11. ^ Goodbye Nashville Network, Country Standard Time, November 2000
  12. ^ The Rise and Fall of ECW (DVD). WWE. 2004.
  13. ^ a b New TNN embraces populist culture, hopes to dethrone cable rating kings
  14. ^ "Spike TV Launch, Take Two, August 11". Animation World Network. Retrieved 2021-09-10.
  15. ^ "'Unsolved Mysteries' Gets a New Look on Spike TV". The Futon Critic. April 7, 2008. Retrieved February 12, 2017.
  16. ^ Lieberman, David (February 9, 2017). "Viacom Unveils Reorganization Plan Focusing on Flagships Brands". Deadline Hollywood. Retrieved February 12, 2017.
  17. ^ Holloway, Daniel; Littleton, Cynthia (February 8, 2017). "Viacom to Rebrand Spike TV as Paramount Network". Variety. Retrieved February 12, 2017.
  18. ^ "Crook and Chase Stars Join Luken Communications at NAB to Announce the Return of The Nashville Network". Yahoo News. April 16, 2012. Retrieved April 16, 2012.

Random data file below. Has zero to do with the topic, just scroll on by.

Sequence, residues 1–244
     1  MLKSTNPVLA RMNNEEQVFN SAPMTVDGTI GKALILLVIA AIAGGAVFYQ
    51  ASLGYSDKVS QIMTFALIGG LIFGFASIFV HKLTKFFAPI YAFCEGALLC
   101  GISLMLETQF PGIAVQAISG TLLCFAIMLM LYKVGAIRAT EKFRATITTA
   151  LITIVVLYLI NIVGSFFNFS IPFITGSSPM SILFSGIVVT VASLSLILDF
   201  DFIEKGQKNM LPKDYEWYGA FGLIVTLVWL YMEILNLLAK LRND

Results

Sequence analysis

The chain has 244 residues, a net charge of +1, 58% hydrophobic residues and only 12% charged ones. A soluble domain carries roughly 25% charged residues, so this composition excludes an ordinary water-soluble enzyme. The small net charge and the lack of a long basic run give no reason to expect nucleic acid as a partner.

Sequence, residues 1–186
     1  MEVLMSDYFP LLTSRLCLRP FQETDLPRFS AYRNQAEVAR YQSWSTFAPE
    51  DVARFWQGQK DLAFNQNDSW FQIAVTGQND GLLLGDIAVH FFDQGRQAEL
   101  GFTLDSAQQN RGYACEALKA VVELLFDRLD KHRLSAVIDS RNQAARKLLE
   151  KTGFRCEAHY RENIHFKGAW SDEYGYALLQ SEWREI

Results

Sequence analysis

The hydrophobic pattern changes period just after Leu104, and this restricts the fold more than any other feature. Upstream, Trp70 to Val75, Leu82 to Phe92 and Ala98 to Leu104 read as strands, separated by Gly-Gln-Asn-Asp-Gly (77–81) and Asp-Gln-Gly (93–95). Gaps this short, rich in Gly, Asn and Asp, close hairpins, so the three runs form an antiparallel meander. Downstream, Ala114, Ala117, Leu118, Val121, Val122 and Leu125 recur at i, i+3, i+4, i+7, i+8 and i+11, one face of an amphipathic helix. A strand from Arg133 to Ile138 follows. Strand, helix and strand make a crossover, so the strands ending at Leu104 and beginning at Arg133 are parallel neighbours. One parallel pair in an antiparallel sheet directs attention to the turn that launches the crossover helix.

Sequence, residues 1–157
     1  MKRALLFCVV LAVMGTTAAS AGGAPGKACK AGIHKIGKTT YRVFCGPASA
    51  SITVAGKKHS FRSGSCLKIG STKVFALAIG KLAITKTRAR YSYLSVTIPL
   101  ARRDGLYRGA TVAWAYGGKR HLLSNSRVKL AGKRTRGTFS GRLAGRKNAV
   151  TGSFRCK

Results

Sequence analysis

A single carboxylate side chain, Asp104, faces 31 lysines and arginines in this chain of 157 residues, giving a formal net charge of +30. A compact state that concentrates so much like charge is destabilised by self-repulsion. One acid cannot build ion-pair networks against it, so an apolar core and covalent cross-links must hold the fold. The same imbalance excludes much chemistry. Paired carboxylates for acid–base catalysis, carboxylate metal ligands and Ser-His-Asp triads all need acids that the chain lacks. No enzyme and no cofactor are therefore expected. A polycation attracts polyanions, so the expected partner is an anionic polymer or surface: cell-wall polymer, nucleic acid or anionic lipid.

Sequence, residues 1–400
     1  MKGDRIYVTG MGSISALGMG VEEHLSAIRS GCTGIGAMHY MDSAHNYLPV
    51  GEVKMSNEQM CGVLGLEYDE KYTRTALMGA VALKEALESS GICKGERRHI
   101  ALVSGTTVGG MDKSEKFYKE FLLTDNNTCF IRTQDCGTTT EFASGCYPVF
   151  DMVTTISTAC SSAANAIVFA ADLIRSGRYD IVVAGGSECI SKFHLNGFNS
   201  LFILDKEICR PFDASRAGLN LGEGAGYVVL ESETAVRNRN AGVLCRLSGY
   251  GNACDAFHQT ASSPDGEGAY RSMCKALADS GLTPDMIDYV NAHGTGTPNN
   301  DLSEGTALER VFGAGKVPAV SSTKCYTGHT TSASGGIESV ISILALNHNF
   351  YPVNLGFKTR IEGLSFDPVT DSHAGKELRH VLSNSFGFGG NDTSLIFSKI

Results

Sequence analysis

19. ^ a b Reynolds, Mike. "NAB: The Nashville Network Eyes New Verses as Digital Broadcast Network". Archived from the original on 2012-04-20. Retrieved 2021-01-30.
  20. ^ "The Nashville Network Returns". The Chattanoogan. April 16, 2012. Retrieved April 16, 2012.
  21. ^ "The Nashville Network Now The Heartland Network". TV News Check. October 18, 2013. Retrieved November 19, 2019.
  22. ^ "Gray Teams With Grand Ole Opry On TV Network". TV News Check. April 24, 2019. Archived from the original on June 26, 2019. Retrieved July 30, 2019.
  23. ^ Jim Owens Dies, Music Row March 4, 2022